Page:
You can't talk about Brad Cornselsen without first talking about Bryan Stinespring.
Stinespring was Frank Beamer's guy. A Virginia Tech lifer who began his tutelage under the legendary coach as a graduate assistant in 1990 before rising up the ranks. During his time in Blacksburg, Stiney was a tight ends coach, offensive line coach, ran Tech's recruiting operation, and eventually landed in the big chair. Well, the biggest chair available.
Stinespring became offensive coordinator in 2002, and you probably think you know how the rest of it goes. Things go poorly. Fans get mad. Pitchforks, torches, and "Fire Stinespring" chants descend on the Merriman Center for a decade leaving Beamer no choice but to eventually demote his friend.
While the final chapters of the story are true, it's not exactly how things went down. In fact, there's an argument to be had that more often than not, Stinespring oversaw good offenses. Between 2002 and 2005, the Hokies had a relatively explosive attack:
2002: 30.6 points/game (ranked 30th nationally, ran "The Untouchables" attack behind Lee Suggs and Kevin Jones.)
2003: 35.4 points/game (12th nationally, Jones runs for 1,647 yards, breaks 30 points in eight games, team falls apart for reasons larger than the offense.)
2004: 30.8 points/game (25th nationally, a conservative offense with young receivers puts up 31 a game down the stretch as they win eight in a row to take the ACC.)
2005: 33.8 points/game (17th nationally, arguably the best team post-1999, Marcus Vick totals 23 TDs, put up 40 or more points five times.)
Not too shabby. They were average in total offense, and there were moments of utter bedwetting — I'm not sure I'll ever get over Marcus Vick turning the ball over six times and getting the doors blown off by Kyle goddamn Wright — but it was a unit who at the very least knew what they could do. When Bryan Randall was young and inconsistent, they could run the ball and control the game. When Randall grew and was then replaced by Vick, they could lead a balanced effort and take advantage of young talent outside. It wasn't a bad way to start a career as a coordinator, until the wheels came off.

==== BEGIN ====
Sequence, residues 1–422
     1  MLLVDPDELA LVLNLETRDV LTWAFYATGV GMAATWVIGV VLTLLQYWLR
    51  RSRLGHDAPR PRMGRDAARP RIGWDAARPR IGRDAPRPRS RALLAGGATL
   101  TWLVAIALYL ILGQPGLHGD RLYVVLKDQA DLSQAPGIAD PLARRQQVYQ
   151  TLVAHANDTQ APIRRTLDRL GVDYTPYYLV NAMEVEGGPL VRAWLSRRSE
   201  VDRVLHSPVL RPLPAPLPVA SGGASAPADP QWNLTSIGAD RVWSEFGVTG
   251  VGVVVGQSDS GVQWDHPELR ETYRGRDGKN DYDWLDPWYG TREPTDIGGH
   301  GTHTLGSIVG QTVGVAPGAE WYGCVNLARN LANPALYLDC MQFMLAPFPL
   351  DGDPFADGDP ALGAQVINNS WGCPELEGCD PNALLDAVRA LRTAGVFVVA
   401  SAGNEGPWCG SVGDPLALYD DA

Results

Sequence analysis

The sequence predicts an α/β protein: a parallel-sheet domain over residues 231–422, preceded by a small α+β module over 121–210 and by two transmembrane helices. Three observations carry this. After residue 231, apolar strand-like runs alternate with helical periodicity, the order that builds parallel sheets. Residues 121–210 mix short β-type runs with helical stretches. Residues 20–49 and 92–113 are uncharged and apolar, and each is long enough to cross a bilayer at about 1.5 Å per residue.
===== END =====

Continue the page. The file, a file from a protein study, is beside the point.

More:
2006: 25.8 points/game (49th nationally, Vick gets kicked off the team, forcing a green Sean Glennon into action. Tech stumbles down the stretch, a five-game conference win streak overshadows the offense averaging just 21 points in that span.)
2007: 28.7 points/game (54th nationally, Beamer and Stinespring play hot potato with Glennon and Tyrod Taylor. It was mostly a mess, even when the box scores said it was a convincing win — see three non-offensive scores against Clemson.)
2008: 22.1 points/game (90th nationally, and it looked even worse. Somehow both Tyrod and Glennon regressed, and there seemed to be no hope of a turnaround.)
These three years have become Stinespring's entire legacy. Fans got cranky in '06, restless in '07, and unhinged in '08 to the point that it became a story surrounding the team. By the middle of 2008 the fan base was apoplectic and even members of the team began to publicly turn on their OC:
"Pretty much every team we face this year knows what we're going to do" on offense, (Purnell) Sturdivant said. "I have a couple friends at Carolina, a couple friends at N.C. State, things like that, they're pretty much just calling out the plays that we're going to run on offense. Our offense is pretty much predictable. You know what you're going to see each and every week."
There's a point later in the interview where Sturdivant was asked if Stinespring should be fired and he simply answered, "that's a hard one". Needless to say, the senior linebacker wasn't impressed.
But no matter how bad things went during that stretch, the Hokies actually turned things around. They averaged nearly 32 points per game in 2009 (24th in the country, with Taylor and Ryan Williams running wild) and 34 points in 2010 (a Tyrod-led symphony that scored 39 a night in their final two months of the season).
And as a reward for his record-setting performance, Stiney was promptly demoted. He lost his coordinator title two years later and left upon Beamer's retirement, 25 years after he first took a job in Blacksburg.
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